I was surprised when I recently spotted a notification from Wikipedia on my phone. Apparently, as a result of having made a certain number of edits, I am eligible for something I had never heard of called “The Wikipedia Library”. The “Library” is essentially a wide range of paywalled scholarly resources, roughly seventy of them, including: JSTOR, Cairn.info, Cambridge UP, OUP, APA, Loeb Classical Library, ancestry.com, newspapers.com, etc.
This was particularly gratifying because I don’t currently have access to any of these (except for JSTOR, which makes available many older items for free to anyone who has an account). For researchers without a university affiliation, it can be infuriating how difficult and expensive it is to obtain articles and other scholarly resources. One has a few other recourses: sci-hub, where a fair collection of scholarly articles are available illicitly, as it were. In many instances, I have relied on the help of friends and acquaintances who can access the article and fence it to me.
My first action after I saw the list of resources newly available to me was to start searching to see if I could come up with any newspaper writings by Margery Latimer, whose work I’ve been reading and researching for the Empyrean Series. Latimer wrote two novels, This Is My Body and We Are Incredible, and about two dozen short stories. She was also a literary reviewer for several newspapers during the 1920s.
I didn’t find any writings by Latimer, but I found numerous reviews and mentions of her several books, and mention also of her marriage to Jean Toomer. Most exciting, though, I found a 1932 obituary notice from the New York Daily News with a photo portrait of Latimer that I had never seen before and that I do not think was previously indexed by Google. The photographer is not identified and, while the portrait is clearly a professional portrait probably taken in a photography studio, it was most likely commissioned by the author herself, or one of her publishers or employers. Compared to the four or five other photos of Latimer that I have seen, it is by far the best, if clarity and recognizability are the criteria of evaluation used.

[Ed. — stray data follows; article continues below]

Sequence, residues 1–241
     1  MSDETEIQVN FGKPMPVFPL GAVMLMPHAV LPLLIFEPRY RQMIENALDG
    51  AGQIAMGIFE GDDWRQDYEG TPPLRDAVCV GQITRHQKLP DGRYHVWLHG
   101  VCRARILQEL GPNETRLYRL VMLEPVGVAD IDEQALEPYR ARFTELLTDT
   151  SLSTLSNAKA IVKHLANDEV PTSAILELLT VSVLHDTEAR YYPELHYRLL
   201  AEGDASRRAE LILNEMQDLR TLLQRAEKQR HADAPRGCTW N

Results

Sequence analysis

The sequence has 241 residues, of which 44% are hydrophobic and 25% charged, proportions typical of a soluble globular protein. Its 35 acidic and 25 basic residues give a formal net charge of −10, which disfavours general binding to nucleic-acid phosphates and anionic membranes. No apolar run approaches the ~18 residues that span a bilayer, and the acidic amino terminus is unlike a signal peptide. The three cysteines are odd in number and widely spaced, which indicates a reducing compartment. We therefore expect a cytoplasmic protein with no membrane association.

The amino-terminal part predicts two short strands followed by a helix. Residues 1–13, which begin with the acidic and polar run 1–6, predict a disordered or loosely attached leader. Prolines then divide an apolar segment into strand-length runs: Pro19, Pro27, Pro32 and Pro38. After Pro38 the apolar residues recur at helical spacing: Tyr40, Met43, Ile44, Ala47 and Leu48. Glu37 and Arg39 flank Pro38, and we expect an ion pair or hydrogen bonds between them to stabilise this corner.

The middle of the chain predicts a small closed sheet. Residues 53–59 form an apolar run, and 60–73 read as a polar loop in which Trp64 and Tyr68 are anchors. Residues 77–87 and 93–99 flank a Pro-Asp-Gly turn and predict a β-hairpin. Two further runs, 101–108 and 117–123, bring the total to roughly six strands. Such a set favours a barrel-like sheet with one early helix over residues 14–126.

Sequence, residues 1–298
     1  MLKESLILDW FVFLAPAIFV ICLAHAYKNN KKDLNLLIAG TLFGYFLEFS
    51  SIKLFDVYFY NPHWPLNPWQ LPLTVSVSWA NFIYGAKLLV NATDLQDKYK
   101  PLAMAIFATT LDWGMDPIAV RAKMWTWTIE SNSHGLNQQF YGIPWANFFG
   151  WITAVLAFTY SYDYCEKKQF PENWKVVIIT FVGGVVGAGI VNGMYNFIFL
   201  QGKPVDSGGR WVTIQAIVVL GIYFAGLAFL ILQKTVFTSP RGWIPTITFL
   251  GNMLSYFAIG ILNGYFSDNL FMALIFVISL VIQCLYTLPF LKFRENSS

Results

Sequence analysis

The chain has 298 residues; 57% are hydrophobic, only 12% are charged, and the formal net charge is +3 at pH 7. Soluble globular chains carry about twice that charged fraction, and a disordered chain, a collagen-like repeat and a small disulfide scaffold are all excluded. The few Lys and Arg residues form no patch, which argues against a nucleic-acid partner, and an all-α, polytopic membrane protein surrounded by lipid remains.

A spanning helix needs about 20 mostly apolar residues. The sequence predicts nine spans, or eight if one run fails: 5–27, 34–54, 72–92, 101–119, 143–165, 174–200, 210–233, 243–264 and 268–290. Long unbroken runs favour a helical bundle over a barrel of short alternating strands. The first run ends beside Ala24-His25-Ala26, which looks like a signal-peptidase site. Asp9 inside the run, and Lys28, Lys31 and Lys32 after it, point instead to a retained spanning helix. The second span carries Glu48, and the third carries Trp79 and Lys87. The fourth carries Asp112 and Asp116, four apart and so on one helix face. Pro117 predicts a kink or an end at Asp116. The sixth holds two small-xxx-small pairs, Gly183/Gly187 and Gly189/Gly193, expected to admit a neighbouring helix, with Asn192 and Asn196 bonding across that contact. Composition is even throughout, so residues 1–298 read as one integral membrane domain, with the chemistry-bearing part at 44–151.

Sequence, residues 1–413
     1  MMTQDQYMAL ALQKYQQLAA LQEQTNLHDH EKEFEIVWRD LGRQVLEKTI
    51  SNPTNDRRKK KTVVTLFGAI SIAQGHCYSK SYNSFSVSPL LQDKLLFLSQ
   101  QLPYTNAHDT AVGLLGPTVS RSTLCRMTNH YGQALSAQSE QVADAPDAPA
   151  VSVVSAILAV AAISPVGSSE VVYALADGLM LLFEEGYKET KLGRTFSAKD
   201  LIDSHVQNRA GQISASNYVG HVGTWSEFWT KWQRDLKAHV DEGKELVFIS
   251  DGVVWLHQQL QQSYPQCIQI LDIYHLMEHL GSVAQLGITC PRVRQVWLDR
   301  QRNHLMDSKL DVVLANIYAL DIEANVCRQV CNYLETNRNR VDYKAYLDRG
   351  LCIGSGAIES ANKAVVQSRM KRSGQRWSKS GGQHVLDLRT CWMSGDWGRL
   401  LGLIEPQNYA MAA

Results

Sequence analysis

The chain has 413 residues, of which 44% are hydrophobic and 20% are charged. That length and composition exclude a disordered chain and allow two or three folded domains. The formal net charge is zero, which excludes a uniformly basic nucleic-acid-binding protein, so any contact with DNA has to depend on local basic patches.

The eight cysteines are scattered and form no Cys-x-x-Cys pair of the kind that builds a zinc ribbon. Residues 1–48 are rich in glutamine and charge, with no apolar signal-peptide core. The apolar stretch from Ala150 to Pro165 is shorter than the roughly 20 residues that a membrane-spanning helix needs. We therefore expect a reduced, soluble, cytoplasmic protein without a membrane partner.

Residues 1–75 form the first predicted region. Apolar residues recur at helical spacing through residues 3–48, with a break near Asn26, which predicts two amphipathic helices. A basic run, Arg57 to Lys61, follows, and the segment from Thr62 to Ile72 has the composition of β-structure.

Is the photo in the public domain? I wondered this. Probably, I thought. So I uploaded it to Wikimedia, after which I promptly received a notice that the photo lacked a license and that its copyright status needed clarification. I started searching for information that would help me to prove its public domain status, if that was the case. (Clearly doing things in the wrong order here—I probably should have done this step first!) Searching in various combinations for “newspapers + photos + copyright + public domain” I found an article by Justin Clark titled “Fair Use And Copyright Research For Newspaper Digitization: What You Need To Know”, which stated that one important place to check is at the Internet Archive in the digitized Catalogs of Copyright Entries, where records of copyright ownership from the United States Copyright Office were published for the period from July 1891 through December 1977. Well, checking the relevant tome for periodicals for 1932, I saw that the NY Daily News did register its copyright. I wasn’t sure how to check whether that copyright was ever renewed, and at this point I felt resigned to the likelihood that the photo would be removed from Wikimedia Commons on copyright grounds.
But good news! A few days later I checked the file again and saw that someone had added a public domain license to the photo, on the grounds that the NY Daily News did not renew its 1932 copyrights.
Sometime along the way, I embedded the photo portrait to Latimer’s Wikipedia page, replacing the previous one of Latimer—a great improvement I think. Hopefully it goes some small way towards bolstering a sense of Latimer’s individuality.